Would someone please tell me why otherwise-sophisticated filmgoers absolutely refuse to see an animated film? My wife reads the comics every morning (well, some of them), but she would not go to see the "Simpsons Movie" or "South Park: Bigger, Longer, Uncut," to say nothing of "Cars" or "Toy Story." And now I don't know if she'll even be willing to see "Persepolis," this most amazing animated film by an Iranian woman named Marjane Satrapi, who was born in 1969 to outspoken and intellectual parents in Tehran, and brought up those first years into a world dominated by the Shah; then when he was exiled they had their visions of democracy crushed by the Ayatollah Khomeini. They sent their outspokane daughter to an acquaintance in Vienna, where she ultimately had some very difficult years, and came back to Tehran wiser and much more grown-up and wrote two graphic books about her life.
Now those novels have been turned into the most beautiful animated film in ages, using just the black and white outlines of people, accented with infinite shades of gray and with an occasional moment of color that give the film a luminescence which only enhances the political and personal stories it tells - stories of confronting the Ayatollah's police and their thugs; stories that are balanced by Marjane's relationship with her parents (her mother is voiced by Catherine Deneuve and her beloved grandmother by Danielle Darrieux). She herself is voiced by Chiara Mastroianni (daughter of Marcello and Deneuve).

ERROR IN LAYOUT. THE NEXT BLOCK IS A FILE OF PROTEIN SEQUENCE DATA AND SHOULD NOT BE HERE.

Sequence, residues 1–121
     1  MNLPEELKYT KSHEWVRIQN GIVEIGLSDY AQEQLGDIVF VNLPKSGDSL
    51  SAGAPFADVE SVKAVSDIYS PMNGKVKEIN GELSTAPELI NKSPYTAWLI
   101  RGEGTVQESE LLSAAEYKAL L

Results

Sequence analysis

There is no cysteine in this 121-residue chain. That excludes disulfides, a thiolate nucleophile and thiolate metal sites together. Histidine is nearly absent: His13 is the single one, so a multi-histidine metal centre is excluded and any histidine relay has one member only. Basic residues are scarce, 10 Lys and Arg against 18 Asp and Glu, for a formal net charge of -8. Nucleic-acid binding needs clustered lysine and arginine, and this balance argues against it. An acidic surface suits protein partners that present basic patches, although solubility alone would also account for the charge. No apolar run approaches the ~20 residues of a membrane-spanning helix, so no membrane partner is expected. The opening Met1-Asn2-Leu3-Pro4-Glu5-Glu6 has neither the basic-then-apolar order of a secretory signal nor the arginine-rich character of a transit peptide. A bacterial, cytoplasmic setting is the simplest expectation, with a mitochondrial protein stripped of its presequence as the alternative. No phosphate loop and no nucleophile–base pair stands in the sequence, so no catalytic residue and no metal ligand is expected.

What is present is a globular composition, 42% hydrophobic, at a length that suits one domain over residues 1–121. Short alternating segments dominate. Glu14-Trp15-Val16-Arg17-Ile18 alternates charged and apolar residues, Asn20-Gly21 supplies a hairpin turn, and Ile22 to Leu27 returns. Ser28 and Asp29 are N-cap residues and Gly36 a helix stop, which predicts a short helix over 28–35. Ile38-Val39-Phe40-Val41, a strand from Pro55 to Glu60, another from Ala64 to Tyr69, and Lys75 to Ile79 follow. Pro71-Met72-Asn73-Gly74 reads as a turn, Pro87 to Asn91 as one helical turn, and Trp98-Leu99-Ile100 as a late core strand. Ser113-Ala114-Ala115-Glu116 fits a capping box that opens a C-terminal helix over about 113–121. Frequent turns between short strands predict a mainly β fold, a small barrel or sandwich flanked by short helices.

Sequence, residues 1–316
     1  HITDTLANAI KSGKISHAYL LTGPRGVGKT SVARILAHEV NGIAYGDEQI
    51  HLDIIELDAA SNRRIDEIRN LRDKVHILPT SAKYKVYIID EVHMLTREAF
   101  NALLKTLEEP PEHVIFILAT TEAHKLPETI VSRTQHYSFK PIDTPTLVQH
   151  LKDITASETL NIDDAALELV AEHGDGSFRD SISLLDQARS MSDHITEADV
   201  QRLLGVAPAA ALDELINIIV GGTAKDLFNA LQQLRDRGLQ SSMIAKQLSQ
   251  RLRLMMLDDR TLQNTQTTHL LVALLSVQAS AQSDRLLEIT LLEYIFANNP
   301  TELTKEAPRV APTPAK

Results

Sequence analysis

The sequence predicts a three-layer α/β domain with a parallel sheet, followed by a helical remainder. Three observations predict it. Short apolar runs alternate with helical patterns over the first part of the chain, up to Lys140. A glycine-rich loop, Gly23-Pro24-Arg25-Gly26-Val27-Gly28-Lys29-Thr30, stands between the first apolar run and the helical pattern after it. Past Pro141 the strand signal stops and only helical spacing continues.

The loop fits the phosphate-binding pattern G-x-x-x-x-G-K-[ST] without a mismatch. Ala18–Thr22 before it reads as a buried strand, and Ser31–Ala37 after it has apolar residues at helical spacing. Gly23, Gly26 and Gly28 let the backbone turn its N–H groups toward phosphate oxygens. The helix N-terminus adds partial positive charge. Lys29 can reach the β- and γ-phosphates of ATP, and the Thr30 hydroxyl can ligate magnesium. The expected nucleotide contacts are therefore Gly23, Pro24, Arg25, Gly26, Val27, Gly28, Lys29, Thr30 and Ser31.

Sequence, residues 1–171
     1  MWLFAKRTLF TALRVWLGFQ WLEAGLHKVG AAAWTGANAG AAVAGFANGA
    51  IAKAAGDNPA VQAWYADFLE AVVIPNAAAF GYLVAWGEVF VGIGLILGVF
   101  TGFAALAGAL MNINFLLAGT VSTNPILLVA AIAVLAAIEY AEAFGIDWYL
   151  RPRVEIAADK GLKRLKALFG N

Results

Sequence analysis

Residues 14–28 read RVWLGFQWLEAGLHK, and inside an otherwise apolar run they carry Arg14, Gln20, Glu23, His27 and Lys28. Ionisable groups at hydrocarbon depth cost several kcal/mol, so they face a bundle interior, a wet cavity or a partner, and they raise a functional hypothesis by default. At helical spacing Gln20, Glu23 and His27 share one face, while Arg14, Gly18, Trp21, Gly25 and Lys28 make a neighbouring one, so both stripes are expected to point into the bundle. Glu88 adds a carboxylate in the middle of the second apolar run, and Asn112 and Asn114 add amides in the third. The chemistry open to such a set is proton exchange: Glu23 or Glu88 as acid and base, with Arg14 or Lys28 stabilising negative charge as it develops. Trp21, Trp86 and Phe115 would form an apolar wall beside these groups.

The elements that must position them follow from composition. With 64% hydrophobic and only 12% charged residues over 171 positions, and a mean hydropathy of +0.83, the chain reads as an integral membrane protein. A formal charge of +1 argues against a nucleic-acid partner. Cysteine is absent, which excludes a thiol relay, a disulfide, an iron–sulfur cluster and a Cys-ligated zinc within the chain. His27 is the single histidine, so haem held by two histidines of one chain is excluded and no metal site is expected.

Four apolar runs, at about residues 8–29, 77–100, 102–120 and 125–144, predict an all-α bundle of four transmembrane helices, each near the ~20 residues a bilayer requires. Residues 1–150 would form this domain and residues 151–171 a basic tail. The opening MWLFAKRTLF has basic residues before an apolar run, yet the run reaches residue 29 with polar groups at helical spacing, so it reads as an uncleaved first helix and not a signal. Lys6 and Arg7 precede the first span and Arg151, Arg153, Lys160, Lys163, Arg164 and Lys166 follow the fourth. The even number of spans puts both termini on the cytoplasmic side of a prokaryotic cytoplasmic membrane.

The story sucks us in, so willingly we can't wait to hear every moment of it; as we see how her childhood was shaped by her parents and grandmother, and by the stories her uncle Anouche told about his life. And then she is sent, for her own good, to Vienna as a teenager; and what she finds there, and the way in which she grows up. And then, realizing that life in that city is not for her, she comes back to Tehran. Let me leave it there, though I can tell you that she is now living and writing in Paris, a city that is much more congenial to someone like Marjane.
This is a film that is so adeptly drawn that we know Marjane as though she were there on the screen, live, in person; and the same goes for her family and those she comes in contact with. And the voices could not be more appropriate to the film. In the same way that Art Spiegelman's graphic novel "Maus" had more impact than had it been told in prose, "Persepolis" is a perfect film, with all the overtones and resonances that any viewer could wish for.